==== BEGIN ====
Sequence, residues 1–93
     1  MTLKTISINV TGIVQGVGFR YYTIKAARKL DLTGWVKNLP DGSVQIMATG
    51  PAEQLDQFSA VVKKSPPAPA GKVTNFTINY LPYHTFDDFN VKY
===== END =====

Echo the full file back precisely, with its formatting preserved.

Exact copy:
Sequence, residues 1–93
     1  MTLKTISINV TGIVQGVGFR YYTIKAARKL DLTGWVKNLP DGSVQIMATG
    51  PAEQLDQFSA VVKKSPPAPA GKVTNFTINY LPYHTFDDFN VKY